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Broadway

Clyde’s

December 4, 2021

As the manager of the restaurant, Aduba gives one of those big performances which are larger than life, but we have all met that type of people. She batters, insults, cajoles, berates her staff: is it to drive them to new heights or she is paying the world back for her tough life? Is she an incarnation of the devil or Satan? The gas fires that shoot out of the stage periodically make us wonder. When they receive a rave review in a local newspaper she belittles them as though they had nothing to do with the restaurant’s success. Wearing a new and colorful skintight outfit by Jennifer Moeller and multiple hairdos by Cookie Jordan each time she enters through the swings doors from the restaurant into the kitchen, she is a bigger and bigger surprise by what she says and what she threatens. As the dangerous and intimidating Clyde, she gives an indelible performance; just try to take your eyes off of her when she is onstage. [more]

Trouble in Mind

November 21, 2021

If Alice Childress’ 1955 Off Broadway hit, "Trouble in Mind," had transferred to Broadway in 1957 as it was scheduled to do, it would have been the first play by a Black playwright to reach the main stem. As if happened, the white producers wanted continual softening of the play’s ending and after two years of rewrites Childress threw in the towel. Ironically, this is exactly the theme of her backstage play. As things worked out, the softer Raisin in the Sun by Lorraine Hansberry, less critical of its white audience, became the first play by a Black woman writer to reach Broadway in 1959 and the rest is history. Now history is being remade with the Roundabout Theatre Company’s production of "Trouble in Mind" at Broadway’s American Airlines Theatre 64 years later with a fine cast led by Tony Award winners LaChanze and Chuck Cooper. [more]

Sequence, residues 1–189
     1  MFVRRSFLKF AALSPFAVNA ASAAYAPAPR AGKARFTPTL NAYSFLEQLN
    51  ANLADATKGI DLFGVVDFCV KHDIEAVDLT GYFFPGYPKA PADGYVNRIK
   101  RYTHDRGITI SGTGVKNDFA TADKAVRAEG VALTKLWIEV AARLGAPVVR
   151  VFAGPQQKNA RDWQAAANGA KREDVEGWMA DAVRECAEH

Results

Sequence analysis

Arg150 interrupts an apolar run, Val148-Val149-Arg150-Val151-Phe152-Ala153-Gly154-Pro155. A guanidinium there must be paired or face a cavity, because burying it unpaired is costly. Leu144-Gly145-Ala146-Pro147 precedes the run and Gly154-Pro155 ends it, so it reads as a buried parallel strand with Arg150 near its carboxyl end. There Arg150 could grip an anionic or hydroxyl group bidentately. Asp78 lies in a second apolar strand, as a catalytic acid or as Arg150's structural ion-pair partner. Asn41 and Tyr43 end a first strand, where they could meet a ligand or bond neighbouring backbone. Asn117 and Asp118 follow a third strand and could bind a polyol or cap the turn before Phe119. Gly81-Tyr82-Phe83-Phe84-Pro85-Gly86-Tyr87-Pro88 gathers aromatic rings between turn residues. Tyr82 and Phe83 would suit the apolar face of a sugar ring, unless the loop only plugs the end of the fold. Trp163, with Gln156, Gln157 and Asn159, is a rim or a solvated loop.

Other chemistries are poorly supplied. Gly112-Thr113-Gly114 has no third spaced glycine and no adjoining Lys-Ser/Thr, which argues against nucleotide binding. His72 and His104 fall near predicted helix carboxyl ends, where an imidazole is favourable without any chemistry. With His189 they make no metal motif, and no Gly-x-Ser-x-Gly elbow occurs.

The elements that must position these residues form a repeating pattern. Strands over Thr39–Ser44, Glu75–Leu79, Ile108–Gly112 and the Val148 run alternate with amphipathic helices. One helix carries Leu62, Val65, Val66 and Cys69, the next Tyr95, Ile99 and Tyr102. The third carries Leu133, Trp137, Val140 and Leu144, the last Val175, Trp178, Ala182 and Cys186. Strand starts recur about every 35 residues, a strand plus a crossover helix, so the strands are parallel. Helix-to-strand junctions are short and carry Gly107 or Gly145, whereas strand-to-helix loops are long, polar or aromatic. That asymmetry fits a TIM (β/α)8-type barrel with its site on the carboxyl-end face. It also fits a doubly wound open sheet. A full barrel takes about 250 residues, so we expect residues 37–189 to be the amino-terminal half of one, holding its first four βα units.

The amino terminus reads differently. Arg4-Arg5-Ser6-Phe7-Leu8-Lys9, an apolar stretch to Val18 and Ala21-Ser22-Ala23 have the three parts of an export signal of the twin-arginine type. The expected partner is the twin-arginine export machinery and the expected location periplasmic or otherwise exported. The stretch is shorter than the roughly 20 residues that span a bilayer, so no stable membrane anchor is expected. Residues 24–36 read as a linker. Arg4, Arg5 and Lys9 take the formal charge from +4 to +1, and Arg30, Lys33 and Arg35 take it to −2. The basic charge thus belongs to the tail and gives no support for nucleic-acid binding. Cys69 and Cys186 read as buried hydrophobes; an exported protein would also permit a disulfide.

The Lehman Trilogy

October 22, 2021

Wearing costume designer Katrina Lindsay’s artful business attire is the distinguished British trio of Simon Russell Beale, Adam Godley and Adrian Lester. They initially portray the three Lehman brothers, then in an exhilarating display of superior acting, they play a gallery of other major and incidental characters with Dickensian flair. Whatever the figure’s gender, age or varied social status, each actor offers many full-blooded characterizations emitting force and pathos through their expertly altered voices and grand physicality. Time passes, people die, and we feel sad having gotten to know them through these performers’ indelible depictions. For the Broadway incarnation, Mr. Lester replaces the unavailable Ben Miles who performed in the previous productions. [more]

Thoughts of a Colored Man

October 20, 2021